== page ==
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Google’s Contact Lens Camera Could Be Controlled By Blinks

Google’s Contact Lens Camera Could Be Controlled By Blinks
technology

The company has filed a US patent for embedding mini cameras into special eyewear.

Leah Gonzalez
  • 16 april 2014

Google has filed a US patent application to embed micro cameras into special contact lenses.

According to Patent Bolt, the patent describes how wearers will be able to control the camera through a system which uses their blinking patterns. This means they would be able to capture photos of their line of vision.

The camera system and sensors can also be programmed to detect light and color, and even specific objects, faces and motion without impeding the wearer’s view.

Google-contact-lens-embedded-cameras-1.jpg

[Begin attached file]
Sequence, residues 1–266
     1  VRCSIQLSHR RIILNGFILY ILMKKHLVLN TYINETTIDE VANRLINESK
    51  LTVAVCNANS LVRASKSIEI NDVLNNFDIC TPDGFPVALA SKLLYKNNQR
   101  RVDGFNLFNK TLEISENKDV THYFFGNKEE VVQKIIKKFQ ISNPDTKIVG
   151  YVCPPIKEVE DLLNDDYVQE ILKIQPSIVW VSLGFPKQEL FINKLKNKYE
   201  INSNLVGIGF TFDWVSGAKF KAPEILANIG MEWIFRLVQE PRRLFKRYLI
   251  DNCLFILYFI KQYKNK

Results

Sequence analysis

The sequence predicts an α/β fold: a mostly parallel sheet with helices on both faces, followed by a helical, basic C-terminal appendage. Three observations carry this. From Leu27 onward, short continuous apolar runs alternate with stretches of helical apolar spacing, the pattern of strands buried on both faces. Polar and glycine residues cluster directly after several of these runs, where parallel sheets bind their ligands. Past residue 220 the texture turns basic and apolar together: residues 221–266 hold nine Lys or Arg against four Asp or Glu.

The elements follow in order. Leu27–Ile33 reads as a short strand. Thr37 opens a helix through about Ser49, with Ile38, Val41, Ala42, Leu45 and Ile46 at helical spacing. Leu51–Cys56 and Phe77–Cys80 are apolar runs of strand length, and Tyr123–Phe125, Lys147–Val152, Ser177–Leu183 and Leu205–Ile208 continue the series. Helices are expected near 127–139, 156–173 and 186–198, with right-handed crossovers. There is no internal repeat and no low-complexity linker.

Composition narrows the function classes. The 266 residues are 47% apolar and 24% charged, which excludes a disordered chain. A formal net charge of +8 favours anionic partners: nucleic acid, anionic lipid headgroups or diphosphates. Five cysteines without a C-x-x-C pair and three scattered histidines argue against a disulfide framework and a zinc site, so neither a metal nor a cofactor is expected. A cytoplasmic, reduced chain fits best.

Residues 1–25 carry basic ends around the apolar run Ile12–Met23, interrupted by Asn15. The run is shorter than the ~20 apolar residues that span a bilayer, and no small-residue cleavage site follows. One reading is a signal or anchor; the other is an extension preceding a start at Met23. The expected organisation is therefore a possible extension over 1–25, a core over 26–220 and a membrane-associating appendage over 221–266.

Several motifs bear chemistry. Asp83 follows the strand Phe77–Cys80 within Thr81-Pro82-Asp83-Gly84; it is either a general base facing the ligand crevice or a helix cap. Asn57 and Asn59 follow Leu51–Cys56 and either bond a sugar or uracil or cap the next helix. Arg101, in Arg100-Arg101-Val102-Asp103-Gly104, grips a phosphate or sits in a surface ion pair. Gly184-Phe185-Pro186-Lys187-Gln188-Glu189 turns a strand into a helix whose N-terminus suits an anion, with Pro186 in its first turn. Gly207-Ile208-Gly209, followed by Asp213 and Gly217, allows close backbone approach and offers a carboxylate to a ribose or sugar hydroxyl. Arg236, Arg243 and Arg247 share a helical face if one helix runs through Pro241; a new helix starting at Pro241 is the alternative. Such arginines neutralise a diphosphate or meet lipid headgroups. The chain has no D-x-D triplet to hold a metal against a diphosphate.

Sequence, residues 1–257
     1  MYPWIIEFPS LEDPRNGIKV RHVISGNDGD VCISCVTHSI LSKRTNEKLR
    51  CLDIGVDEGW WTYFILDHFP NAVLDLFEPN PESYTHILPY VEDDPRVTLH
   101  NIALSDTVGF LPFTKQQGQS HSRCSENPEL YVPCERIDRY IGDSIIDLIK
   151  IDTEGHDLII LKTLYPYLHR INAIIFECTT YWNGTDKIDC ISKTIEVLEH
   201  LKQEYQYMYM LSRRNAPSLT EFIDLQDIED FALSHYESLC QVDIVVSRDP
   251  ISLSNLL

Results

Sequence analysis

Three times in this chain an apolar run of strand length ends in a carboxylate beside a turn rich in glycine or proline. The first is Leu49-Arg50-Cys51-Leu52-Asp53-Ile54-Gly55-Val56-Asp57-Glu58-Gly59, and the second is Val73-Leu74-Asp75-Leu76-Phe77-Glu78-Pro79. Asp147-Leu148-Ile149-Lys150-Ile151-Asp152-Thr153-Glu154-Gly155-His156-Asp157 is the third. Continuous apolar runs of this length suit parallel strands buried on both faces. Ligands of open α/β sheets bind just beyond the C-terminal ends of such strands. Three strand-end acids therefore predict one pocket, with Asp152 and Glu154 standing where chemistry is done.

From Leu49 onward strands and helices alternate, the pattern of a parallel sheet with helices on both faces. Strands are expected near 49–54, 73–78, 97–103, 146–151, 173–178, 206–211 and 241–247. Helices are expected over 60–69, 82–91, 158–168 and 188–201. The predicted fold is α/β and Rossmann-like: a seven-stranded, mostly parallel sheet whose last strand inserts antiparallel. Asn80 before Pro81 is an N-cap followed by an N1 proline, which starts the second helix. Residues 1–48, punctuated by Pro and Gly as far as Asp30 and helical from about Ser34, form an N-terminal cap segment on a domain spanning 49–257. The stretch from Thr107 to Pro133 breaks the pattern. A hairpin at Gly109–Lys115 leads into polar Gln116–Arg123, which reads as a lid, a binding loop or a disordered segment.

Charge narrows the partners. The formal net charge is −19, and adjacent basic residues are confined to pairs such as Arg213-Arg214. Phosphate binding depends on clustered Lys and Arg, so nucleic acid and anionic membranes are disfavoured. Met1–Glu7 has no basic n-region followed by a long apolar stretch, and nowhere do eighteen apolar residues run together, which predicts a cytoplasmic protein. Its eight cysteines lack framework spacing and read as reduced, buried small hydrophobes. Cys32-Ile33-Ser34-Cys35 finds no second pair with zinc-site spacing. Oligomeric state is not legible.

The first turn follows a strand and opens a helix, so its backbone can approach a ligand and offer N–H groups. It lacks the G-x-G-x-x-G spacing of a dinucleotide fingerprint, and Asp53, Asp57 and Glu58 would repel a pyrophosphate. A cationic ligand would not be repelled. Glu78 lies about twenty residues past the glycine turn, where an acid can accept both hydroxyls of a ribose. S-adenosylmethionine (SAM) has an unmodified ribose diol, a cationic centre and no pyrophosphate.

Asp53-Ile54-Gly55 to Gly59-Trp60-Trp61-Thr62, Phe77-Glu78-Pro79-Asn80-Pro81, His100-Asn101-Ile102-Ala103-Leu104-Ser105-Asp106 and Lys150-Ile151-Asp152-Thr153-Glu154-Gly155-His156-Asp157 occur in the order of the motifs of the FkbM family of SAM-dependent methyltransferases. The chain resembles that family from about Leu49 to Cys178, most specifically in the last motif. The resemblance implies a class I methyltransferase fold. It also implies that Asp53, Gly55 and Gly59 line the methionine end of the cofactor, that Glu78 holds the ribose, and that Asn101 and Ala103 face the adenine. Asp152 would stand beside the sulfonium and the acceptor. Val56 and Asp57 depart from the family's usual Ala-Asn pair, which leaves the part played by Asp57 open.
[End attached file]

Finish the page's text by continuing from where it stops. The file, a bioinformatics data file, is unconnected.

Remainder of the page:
The embedded miniature cameras can potentially help the blind or visually-impaired navigate through their daily lives. The system can help process image data to determine what the wearer is looking at or approaching. It can then be programmed to send a command to a remote device like a smartphone, which can provide an audio warning to the wearer. Something like this would be useful when, say, the blind user is approaching a busy road.

The embedded miniature camera system can also be potentially useful in other sectors such as security or law enforcement. The system can be programmed to help law enforcement personnel identify suspects or persons of interest on the field.

The patent is presumably related to the company’s smart contact lens project. Earlier this year, Google revealed that it is developing contact lenses that can detect glucose levels.

Google
[ht/] The Telegraph, Patent Bolt

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